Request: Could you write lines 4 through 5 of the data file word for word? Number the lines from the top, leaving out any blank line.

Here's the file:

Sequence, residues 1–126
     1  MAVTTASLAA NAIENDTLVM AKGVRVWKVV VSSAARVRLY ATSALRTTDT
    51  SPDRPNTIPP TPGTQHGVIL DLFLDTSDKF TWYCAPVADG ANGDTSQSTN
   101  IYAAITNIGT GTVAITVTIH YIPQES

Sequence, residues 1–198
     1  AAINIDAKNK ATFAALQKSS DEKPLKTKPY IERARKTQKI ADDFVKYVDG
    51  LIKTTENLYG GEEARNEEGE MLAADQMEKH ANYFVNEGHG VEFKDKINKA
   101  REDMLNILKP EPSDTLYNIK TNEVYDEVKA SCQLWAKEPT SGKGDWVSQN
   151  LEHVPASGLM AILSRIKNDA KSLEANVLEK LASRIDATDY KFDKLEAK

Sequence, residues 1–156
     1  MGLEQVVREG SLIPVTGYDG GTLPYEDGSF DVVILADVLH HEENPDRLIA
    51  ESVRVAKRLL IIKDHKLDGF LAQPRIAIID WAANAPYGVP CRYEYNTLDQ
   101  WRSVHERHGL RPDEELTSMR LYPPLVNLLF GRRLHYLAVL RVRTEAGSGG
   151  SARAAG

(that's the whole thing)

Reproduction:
   101  IYAAITNIGT GTVAITVTIH YIPQES

Sequence, residues 1–198